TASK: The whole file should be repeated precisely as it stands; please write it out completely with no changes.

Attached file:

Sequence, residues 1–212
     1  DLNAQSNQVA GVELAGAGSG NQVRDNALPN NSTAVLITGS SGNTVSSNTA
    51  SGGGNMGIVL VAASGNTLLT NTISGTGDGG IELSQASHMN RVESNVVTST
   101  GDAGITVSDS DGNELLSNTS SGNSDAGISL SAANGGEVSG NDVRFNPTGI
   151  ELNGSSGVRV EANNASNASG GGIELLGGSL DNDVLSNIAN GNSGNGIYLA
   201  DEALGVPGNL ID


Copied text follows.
Sequence, residues 1–212
     1  DLNAQSNQVA GVELAGAGSG NQVRDNALPN NSTAVLITGS SGNTVSSNTA
    51  SGGGNMGIVL VAASGNTLLT NTISGTGDGG IELSQASHMN RVESNVVTST
   101  GDAGITVSDS DGNELLSNTS SGNSDAGISL SAANGGEVSG NDVRFNPTGI
   151  ELNGSSGVRV EANNASNASG GGIELLGGSL DNDVLSNIAN GNSGNGIYLA
   201  DEALGVPGNL ID